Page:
“One good thing about music, when it hits, you feel no pain.”

Bob Marley (1945 – 1981)

Music has always played an important role in all our lives, especially Reggae, the music genre first developed in Jamaica, strongly influenced by traditional African, American jazz and old-time rhythm and blues. Reggae owes its direct origins to the progressive development of Ska and Rocksteady in 1960s Jamaica. Each month, THE MUSICAL COA-COA BASKET will salute the legendary artists and recording studios from out of Jamaica that have placed reggae on the musical global map.




The emergence of Channel One was critical to grassroots Reggae getting on the international map during the 1970s. Located in the Maxfield Park community, in Kingston Jamaica, the Channel One Studio released a series of classics driven by the rhythmic power of its house band The Revolutionaries. The band’s ‘Rockers’ sound was the force behind hit songs by groups like Earth and Stone, The Mighty Diamonds, The Jays, Wailing Souls, The Meditations, and deejays Dillinger and Ranking Trevor.

Channel One was the place where musicians like Sly Dunbar, Robbie Shakespeare and Ranchie McLean made their names, behind it all were studio owners, the Hoo-Kim brothers. Their vision was as crucial to the success of the studio as its drum sound. Joseph Hoo Kim was the eldest of the four brothers. The others were Paul, Kenneth and Ernest, who all grew up in the Maxfield Park area with their father, a Chinese immigrant, and their mother, who was of Chinese-Jewish descent. The Hoo-Kim family ran a bar and ice cream parlor in the community and the brothers dabbled in slot machines. Joseph Hoo-Kim said it was while visiting Dynamic Sounds Studio one day and watching a recording session that he became hooked on music.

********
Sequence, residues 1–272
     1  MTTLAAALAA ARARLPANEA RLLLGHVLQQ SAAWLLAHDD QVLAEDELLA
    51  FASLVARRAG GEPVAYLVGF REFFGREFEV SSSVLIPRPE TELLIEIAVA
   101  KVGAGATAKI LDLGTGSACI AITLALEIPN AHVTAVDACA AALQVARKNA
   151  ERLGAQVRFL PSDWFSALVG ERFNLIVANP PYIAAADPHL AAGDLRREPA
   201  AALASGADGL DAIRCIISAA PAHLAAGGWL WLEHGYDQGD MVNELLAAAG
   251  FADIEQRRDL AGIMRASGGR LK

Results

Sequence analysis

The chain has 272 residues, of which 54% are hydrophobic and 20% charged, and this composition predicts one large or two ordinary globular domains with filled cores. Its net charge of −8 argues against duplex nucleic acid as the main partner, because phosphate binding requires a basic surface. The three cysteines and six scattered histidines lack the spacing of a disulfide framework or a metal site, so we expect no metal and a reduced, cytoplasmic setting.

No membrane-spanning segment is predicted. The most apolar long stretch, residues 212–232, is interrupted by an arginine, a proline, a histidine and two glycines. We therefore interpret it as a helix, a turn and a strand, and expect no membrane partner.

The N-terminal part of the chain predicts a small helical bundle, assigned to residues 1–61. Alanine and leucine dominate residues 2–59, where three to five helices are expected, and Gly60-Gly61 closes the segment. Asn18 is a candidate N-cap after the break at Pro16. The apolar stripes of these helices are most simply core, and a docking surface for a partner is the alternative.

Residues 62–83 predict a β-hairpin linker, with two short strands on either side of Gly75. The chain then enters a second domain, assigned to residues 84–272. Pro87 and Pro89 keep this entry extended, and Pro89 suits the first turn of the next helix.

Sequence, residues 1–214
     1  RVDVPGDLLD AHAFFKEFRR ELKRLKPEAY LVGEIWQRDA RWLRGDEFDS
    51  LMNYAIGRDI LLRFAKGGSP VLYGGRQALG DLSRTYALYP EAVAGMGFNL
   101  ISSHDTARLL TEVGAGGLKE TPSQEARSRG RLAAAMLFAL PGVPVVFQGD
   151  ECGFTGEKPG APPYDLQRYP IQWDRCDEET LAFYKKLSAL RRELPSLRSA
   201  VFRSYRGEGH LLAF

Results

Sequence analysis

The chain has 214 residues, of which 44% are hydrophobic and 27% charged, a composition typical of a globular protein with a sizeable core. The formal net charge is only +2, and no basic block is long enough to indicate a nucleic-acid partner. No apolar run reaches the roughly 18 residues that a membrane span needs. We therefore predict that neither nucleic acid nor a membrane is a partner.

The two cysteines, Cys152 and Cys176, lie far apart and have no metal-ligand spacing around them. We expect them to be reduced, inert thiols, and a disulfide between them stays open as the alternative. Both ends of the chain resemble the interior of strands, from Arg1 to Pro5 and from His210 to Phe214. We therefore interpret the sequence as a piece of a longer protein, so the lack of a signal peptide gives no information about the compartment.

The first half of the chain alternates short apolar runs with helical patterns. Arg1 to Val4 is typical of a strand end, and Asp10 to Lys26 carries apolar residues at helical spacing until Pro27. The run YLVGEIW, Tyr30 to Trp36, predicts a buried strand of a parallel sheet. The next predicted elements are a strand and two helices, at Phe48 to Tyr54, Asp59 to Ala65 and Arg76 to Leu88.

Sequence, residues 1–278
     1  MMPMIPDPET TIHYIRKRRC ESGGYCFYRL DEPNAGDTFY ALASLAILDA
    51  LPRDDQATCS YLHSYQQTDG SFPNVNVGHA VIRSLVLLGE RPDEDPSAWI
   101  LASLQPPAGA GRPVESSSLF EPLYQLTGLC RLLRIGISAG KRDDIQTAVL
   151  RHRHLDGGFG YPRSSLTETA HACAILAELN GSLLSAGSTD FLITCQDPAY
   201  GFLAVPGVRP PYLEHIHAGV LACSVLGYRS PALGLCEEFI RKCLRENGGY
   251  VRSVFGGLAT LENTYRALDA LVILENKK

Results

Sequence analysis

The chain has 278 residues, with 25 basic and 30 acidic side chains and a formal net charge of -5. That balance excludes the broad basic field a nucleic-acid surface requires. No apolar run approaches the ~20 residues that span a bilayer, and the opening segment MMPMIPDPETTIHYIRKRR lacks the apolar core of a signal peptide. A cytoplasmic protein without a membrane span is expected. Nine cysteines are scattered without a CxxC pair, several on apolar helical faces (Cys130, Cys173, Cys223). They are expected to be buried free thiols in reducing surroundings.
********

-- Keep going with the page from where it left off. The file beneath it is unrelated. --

The turning point for Channel One came in early 1973, when Hoo Kim met a young drummer named Sly Dunbar while he (Hoo- Kim) was club-hopping one night. Sly Dunbar who played drums for the group Skin Flesh and Bones asked Hoo-Kim if they could come to the studio and play a tune for them.  Hoo-Kim said yes. That first session included Dunbar on drums, Ranchie McLean on bass, Rad “Dougie” Bryan on guitar and Ansell Collins on keyboards. It produced Delroy Wilson’s cover of the Spinners song, It’s A Shame, which became the first of countless hits recorded at Channel One.

Channel One quickly became the place to be for producers and budding performers, The Meditations, Dr Alimantado, Horace Andy and The Mighty Diamonds, a harmony trio Sly Dunbar credits with introducing Channel One to radio audiences. Within two years, Dunbar, McLean, Collins, Bryan and bass player Lloyd Parkes were joined by established session men like Robbie Shakespeare, who had worked extensively with Bunny Lee; and Tommy McCook, the respected saxophonist who was a founding member of The Skatalites and had been producer and Duke Reid’s musical director at Treasure Isle. They were complemented by saxophonists Richard “Dirty Harry” Hall and Herman Marquis; trombonist Vin Gordon; trumpeter Bobby Ellis; percussionists Uzziah “Sticky” Thompson, Christopher “Skyjuice” Blake and Stanley “Barnabas” Bryan who added flavour to the famous Channel One sound that eventually became known as ‘Rockers’.